Derivatives still safe, Fed says

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The Independent Online
US Federal Reserve Board chairman Alan Greenspan said it would be "a serious mistake" to single out derivative instruments for special regulatory treatment in the wake of the bankruptcy of Orange County, California.

In a testimony prepared for the Senate Banking Committee, Mr Greenspan said that new curbs on derivatives could lead to a "net loss" in market efficiency as market participants shift into less efficient instruments. New measures would "create artificial incentives to structure transactions on the basis of regulatory rules," rather than on simple economic terms,'' he said.

Mr Greenspan added that recent losses in the financial markets "have not led to broader systemic problems".

The Fed's recent enforcement agreement relating to Bankers Trust Corp. to improve supervision of the bank's sale of risky derivatives to corporate customers was specific to the bank and "should not be taken as a new general guideline for derivative dealings," he said.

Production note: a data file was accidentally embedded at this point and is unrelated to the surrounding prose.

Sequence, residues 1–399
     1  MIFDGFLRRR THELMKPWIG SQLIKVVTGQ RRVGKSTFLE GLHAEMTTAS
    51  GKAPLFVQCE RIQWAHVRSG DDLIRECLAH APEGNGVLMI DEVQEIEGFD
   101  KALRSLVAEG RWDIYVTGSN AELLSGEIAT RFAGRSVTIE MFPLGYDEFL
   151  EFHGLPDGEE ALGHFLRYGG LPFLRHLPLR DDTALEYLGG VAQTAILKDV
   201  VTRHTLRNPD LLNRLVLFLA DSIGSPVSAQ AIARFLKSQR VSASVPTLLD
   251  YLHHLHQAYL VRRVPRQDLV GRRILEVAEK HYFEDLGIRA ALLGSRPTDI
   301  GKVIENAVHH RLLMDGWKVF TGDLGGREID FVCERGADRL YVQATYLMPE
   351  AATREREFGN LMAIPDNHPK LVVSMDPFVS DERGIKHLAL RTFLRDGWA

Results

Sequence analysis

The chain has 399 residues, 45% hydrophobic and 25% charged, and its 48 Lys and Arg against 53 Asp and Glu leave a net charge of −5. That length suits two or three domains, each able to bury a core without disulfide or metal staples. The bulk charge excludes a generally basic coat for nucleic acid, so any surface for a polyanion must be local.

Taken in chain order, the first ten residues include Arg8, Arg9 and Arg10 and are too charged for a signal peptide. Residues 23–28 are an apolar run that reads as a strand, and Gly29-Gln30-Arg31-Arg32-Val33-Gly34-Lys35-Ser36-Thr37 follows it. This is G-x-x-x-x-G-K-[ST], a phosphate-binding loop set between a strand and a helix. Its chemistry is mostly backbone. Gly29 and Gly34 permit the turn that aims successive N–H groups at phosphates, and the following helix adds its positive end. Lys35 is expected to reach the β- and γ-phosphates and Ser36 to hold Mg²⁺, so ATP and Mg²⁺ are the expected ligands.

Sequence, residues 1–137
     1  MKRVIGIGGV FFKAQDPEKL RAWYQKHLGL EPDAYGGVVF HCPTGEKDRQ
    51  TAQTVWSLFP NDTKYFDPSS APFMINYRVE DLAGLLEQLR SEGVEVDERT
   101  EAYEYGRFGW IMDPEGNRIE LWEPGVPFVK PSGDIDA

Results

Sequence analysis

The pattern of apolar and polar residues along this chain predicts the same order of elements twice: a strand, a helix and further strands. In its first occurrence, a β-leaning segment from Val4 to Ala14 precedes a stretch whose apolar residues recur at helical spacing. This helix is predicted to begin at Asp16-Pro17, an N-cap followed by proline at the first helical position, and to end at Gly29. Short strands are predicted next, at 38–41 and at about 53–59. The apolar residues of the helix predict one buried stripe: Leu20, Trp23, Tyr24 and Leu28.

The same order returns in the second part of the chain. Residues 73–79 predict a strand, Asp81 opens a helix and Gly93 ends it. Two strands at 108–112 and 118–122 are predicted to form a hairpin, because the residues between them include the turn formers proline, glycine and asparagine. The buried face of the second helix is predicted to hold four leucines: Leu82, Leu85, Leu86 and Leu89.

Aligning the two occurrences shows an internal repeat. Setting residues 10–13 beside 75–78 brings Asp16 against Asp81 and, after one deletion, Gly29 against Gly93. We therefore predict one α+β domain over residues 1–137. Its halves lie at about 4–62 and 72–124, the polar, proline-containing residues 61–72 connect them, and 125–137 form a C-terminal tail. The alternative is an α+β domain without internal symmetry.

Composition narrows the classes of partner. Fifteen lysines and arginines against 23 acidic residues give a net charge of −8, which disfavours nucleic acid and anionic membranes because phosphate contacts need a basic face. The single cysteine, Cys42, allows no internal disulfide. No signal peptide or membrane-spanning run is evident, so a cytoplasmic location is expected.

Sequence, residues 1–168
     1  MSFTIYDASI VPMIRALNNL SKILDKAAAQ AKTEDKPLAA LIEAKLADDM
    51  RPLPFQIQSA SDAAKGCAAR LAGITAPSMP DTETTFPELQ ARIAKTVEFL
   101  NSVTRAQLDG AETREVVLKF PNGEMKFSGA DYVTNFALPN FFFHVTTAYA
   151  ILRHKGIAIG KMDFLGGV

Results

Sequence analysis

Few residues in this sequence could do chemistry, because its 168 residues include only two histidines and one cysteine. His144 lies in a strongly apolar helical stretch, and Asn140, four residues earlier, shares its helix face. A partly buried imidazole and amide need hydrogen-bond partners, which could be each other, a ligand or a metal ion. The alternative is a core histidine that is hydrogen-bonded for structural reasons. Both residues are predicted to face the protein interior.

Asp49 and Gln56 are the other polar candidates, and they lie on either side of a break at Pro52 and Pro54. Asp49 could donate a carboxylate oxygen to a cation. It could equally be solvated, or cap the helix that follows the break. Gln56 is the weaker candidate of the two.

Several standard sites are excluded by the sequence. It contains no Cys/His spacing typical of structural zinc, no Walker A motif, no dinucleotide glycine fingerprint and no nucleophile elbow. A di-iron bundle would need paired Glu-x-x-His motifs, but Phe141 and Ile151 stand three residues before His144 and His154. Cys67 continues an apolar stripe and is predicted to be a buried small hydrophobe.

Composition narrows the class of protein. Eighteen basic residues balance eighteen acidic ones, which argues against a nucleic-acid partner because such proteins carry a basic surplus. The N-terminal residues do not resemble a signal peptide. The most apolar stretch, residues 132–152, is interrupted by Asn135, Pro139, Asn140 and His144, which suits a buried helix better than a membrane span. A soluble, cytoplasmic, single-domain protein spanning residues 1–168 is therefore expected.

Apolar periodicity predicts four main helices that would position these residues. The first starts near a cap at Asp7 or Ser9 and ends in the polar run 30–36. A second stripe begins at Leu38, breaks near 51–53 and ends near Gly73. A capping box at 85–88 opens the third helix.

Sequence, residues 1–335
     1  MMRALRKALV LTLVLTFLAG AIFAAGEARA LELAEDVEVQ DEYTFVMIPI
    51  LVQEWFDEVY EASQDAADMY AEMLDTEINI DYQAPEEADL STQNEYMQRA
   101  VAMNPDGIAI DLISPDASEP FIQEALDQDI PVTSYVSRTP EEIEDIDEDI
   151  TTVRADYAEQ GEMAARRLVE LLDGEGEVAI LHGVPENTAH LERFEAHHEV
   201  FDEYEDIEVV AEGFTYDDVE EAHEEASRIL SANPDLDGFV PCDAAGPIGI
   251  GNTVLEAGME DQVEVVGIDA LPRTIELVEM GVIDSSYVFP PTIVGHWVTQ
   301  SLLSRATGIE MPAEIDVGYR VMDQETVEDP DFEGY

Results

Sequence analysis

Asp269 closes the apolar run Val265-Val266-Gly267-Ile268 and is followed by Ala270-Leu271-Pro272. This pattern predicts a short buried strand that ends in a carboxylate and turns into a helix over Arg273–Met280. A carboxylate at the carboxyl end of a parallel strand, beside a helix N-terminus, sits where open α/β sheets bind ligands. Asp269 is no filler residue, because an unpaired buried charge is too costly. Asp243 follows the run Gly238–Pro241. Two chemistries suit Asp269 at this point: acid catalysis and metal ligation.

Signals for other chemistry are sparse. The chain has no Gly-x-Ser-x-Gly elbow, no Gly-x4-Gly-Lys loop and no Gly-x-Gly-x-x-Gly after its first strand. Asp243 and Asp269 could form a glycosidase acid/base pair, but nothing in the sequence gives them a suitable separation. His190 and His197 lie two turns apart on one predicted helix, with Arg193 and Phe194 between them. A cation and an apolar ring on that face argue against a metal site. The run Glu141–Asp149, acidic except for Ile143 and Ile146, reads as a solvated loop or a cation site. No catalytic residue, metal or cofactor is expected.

Instead, "each institution needs to have effective procedures and controls tailored to that institution's own products and practices".

Orange County declared bankruptcy on 6 December as a result of losses suffered by its main fund. The fund, which used arrangements known as "repurchase" agreements to buy $20bn of securities with a down payment of just $7.5bn, has suffered $2bn in lossesfrom its investment in risky securities.

Mr Greenspan added that "it is by no means clear that these [Orange County] losses have been attributed solely or even primarily to financial instruments that would typically be called derivatives."

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